Community Day Schools in California are operated by school districts. Community day schools serve students referred by a School Attendance Review Board, and other high-risk youths. Community day schools are a type of opportunity school. Community Day schools should not be confused with County Community Schools which are run by County Offices of Education, and serve students who have been expelled from a school district within the county.
The 360-minute minimum instructional day includes academic programs that provide challenging curriculum and individual attention to student learning modalities and abilities. Community day school programs also focus on the development of pro-social skills and student self-esteem and resiliency.
Community day schools are intended to have low student-teacher ratios. Students benefit from learning support services that include school counselors and psychologists, academic and vocational counselors, and pupil discipline personnel. Students also receive collaborative services from county offices of education, law enforcement, probation, and human services agency personnel who work with at-risk youth.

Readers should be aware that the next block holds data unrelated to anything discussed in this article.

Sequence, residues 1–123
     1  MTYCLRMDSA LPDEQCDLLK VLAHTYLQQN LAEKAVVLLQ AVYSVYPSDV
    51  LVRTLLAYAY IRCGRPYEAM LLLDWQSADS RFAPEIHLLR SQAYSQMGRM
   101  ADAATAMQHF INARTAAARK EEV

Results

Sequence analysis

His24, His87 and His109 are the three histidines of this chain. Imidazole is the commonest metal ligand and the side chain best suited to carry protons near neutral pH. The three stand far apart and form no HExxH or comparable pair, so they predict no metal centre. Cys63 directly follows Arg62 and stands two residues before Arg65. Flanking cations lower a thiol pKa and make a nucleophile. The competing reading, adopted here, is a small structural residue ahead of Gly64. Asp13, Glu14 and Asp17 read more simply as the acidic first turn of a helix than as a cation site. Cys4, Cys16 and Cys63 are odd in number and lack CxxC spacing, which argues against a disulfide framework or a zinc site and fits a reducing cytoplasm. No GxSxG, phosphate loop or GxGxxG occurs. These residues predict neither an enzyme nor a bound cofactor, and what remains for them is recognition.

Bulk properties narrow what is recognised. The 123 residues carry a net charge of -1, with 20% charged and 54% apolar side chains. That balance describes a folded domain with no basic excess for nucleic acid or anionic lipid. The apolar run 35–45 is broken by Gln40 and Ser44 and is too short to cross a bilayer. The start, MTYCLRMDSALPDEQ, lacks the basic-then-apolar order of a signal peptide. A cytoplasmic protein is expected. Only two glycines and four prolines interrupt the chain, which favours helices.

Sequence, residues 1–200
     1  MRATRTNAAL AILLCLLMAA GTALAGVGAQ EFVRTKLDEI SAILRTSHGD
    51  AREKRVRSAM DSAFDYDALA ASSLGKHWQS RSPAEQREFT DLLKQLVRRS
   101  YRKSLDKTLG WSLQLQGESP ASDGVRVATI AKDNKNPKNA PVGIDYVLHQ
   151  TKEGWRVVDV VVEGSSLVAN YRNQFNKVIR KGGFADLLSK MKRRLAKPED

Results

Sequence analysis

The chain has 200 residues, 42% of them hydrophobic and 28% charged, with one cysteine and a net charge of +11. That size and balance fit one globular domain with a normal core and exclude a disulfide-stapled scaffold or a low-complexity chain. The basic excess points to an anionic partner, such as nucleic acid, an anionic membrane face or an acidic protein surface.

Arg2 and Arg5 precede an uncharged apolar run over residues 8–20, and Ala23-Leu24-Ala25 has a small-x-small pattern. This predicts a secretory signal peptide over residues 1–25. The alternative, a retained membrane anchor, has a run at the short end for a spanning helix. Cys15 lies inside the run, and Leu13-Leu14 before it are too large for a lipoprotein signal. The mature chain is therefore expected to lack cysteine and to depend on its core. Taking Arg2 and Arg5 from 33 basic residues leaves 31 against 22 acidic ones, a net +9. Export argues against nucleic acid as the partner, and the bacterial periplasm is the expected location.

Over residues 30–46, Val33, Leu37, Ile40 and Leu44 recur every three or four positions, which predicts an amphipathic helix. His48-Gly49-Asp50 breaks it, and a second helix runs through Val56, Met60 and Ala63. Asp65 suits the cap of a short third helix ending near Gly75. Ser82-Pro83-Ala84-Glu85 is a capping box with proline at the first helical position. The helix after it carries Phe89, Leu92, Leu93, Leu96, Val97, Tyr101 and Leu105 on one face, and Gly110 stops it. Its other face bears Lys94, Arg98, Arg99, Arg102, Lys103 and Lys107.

Community day schools are supported by supplemental apportionment for community day school attendance, in addition to base revenue funding.
Initially, the Alternative Schools Accountability Model (ASAM) provided accountability for educational options schools serving very high-risk, highly-mobile students. These schools include community day, continuation, opportunity, county community, juvenile court, Division of Juvenile Justice, and other alternative schools that meet stringent criteria set by the California State Board of Education (SBE). ASAM was discontinued due to changes in the accountability system, which were brought about by the Local Control Funding Formula (LCFF) in 2013. ASAM was replaced by the Dashboard Alternative School Status (DASS), which is currently under revision.
Selected California Education Code sections
California School Directory